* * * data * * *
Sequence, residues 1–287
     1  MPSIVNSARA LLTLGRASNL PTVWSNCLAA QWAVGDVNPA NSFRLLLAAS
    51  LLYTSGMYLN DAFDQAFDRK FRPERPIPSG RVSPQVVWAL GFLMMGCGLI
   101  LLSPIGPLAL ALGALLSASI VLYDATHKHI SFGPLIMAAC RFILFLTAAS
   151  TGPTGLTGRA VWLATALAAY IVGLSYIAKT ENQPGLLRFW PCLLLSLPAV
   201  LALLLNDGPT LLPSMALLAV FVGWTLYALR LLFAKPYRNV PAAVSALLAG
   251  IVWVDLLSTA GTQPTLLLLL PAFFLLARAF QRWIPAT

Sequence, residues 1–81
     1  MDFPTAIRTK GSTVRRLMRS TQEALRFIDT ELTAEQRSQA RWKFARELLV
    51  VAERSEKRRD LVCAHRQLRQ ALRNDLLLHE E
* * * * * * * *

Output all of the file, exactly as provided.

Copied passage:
Sequence, residues 1–287
     1  MPSIVNSARA LLTLGRASNL PTVWSNCLAA QWAVGDVNPA NSFRLLLAAS
    51  LLYTSGMYLN DAFDQAFDRK FRPERPIPSG RVSPQVVWAL GFLMMGCGLI
   101  LLSPIGPLAL ALGALLSASI VLYDATHKHI SFGPLIMAAC RFILFLTAAS
   151  TGPTGLTGRA VWLATALAAY IVGLSYIAKT ENQPGLLRFW PCLLLSLPAV
   201  LALLLNDGPT LLPSMALLAV FVGWTLYALR LLFAKPYRNV PAAVSALLAG
   251  IVWVDLLSTA GTQPTLLLLL PAFFLLARAF QRWIPAT

Sequence, residues 1–81
     1  MDFPTAIRTK GSTVRRLMRS TQEALRFIDT ELTAEQRSQA RWKFARELLV
    51  VAERSEKRRD LVCAHRQLRQ ALRNDLLLHE E